Wednesday, 30 March 2016

To report or not to report?

Yesterday I had an interesting debate with someone on Twitter regarding the story published in The National about the latest scandal engulfing Natalie McGarry.  In essence the story is that the SNP's Glasgow Regional Association (GRA) is unable to properly account for £4,127.62 of its funds.  Ms McGarry's involvement is that she was convener of the GRA from 2011 until last year and, as such, was the main signatory on the association's bank account.  The money appears in the accounts under 'Other payments', but there are no receipts to account for the spending.  Ms McGarry is reported to be being unco-operative regarding the matter.

Essentially there were two grounds for arguing that the article should not have been published in The National:
1. That the story was unsubstantiated gossip
2. That by publishing the story The National was undermining the independence movement

On the subject of unsubstantiated gossip, the main argument was that no-one is named as a source in the article.  This is true.  However, the article is very specific in some of its details, such as the amount of missing money and how it is presented in the accounts, not to mention the fact that the GRA is mentioned specifically, which would make it very easy to verify the story.  Judging by the information given, the meeting at which the matter was discussed seems to have become quite heated, so it would be understandable if people did not want to be named, but were happy to speak off-the-record.  Finally one would imagine that The National would have run the story past their lawyers in order to ensure that they would not be liable to a charge of defamation by Ms McGarry.  All these things would suggest that there is some basis for the story and that there is therefore a legitimate public interest in it.

As for the second point, that The National is undermining the independence movement by publishing the story, this is very much a slippery slope.  This is essentially demanding that The National, as a pro-independence newspaper, should censor its content, on the basis that the Unionist media will be undermining the independence movement anyway, so The National should refrain from adding fuel to the fire.  But where do you draw the line?  Are members of the pro-independence movement to be given what is, in essence, a free pass from any wrongdoing on their part being reported to their supporters by pro-independence media?  The Unionist media would have a field day with that one, using it as proof of their narrative of the SNP as a one-party state which controls the media in Scotland.  And why should independence supporters be shielded from any less-than-stellar behaviour by pro-independence 'superstars'?  Is support for independence so weak that any hint that leading figures in the movement are less than perfect will lead to mass desertion?  I don't think so.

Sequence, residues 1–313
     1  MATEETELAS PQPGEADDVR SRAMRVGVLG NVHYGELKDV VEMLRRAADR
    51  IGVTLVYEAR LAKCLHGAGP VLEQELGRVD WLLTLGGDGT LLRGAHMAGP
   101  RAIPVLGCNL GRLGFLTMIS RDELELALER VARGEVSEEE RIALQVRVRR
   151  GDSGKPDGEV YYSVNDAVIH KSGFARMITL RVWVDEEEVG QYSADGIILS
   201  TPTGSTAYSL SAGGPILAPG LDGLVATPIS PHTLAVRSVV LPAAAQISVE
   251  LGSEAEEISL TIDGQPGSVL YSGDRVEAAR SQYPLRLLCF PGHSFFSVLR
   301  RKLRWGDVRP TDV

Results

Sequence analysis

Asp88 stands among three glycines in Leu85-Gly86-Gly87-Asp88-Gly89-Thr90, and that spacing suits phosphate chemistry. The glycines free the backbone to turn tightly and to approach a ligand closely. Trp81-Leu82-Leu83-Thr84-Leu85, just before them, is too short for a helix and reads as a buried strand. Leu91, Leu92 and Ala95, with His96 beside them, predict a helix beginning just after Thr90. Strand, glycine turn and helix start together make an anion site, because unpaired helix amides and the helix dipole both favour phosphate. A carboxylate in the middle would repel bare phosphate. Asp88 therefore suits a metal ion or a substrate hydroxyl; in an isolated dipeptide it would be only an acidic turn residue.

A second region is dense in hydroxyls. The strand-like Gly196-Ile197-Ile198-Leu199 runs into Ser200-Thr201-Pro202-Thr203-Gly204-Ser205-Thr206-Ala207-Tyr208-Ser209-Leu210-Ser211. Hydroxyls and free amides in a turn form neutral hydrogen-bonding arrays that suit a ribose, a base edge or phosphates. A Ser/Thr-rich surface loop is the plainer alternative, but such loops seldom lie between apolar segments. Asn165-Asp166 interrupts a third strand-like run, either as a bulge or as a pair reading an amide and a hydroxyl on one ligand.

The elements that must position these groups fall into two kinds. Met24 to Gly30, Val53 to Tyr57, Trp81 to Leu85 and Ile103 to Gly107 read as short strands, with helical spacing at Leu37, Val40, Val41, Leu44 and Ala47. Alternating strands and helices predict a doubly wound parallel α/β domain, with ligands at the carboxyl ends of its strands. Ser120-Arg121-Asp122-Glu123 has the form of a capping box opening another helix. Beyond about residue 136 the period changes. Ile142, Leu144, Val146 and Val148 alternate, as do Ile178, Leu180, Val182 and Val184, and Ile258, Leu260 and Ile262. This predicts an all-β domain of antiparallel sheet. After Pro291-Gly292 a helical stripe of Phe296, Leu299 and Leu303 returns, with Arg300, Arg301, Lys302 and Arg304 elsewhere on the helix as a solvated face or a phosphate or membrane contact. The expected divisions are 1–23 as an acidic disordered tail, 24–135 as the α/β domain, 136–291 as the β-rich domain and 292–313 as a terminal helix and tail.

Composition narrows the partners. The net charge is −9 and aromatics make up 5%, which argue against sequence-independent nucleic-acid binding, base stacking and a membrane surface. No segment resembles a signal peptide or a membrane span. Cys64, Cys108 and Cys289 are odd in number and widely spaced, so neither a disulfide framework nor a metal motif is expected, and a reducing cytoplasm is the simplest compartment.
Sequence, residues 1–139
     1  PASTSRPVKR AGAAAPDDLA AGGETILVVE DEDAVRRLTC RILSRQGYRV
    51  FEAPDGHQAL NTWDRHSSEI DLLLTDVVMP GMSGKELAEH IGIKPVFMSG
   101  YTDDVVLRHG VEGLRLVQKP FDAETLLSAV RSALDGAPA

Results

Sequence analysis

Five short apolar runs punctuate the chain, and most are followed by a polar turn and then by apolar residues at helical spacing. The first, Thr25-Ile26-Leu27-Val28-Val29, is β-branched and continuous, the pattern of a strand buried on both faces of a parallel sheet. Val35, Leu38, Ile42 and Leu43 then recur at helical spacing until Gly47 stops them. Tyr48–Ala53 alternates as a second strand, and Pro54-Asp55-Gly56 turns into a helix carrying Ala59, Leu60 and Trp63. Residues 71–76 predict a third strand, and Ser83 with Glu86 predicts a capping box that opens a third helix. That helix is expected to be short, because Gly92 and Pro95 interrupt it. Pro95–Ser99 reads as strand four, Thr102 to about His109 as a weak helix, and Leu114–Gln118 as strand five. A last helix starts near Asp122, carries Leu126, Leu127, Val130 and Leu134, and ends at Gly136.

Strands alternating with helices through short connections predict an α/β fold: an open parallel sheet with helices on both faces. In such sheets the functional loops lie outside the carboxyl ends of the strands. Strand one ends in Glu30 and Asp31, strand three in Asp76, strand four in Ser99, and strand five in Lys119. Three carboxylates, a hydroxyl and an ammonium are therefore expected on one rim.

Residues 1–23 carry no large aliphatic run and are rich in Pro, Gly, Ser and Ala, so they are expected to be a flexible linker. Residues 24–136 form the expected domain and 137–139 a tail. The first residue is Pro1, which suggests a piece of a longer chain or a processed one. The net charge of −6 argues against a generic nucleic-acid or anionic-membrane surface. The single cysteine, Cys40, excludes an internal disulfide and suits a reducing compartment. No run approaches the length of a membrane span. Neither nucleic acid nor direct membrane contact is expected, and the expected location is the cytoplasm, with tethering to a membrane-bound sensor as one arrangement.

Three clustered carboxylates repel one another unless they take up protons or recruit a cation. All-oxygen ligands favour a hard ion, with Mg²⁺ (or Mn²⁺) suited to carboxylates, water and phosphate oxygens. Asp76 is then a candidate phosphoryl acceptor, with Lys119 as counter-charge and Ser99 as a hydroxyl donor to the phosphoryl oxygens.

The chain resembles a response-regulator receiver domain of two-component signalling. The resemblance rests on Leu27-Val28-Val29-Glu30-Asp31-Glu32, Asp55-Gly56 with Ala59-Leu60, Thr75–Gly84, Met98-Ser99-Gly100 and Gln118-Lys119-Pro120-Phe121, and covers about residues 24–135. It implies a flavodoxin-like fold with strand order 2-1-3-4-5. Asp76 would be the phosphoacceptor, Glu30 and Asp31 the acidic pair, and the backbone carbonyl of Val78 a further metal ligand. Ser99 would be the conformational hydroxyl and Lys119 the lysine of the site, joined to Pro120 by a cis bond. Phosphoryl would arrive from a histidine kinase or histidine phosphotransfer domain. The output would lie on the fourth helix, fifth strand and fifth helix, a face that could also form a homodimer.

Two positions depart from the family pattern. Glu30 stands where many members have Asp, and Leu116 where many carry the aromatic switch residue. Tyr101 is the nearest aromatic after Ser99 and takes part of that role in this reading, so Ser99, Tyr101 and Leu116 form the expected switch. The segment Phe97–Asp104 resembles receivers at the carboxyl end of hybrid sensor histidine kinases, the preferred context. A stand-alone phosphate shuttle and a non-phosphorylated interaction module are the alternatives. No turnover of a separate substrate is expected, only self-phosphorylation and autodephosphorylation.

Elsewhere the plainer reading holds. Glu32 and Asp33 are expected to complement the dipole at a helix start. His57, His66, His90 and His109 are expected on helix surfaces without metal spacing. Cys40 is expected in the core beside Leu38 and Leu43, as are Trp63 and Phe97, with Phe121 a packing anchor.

On balance I think The National were right to publish the story.  The independence movement has a right to know how their public figures are behaving, good or bad.  What we don't need is a pro-independence media which is a mirror image of the Unionist media, colluding with the Establishment to cover up bad news and scandal.  The independence movement wants to see a better, fairer Scotland, and that includes allowing the pro-independence media to hold political figures to account where warranted.




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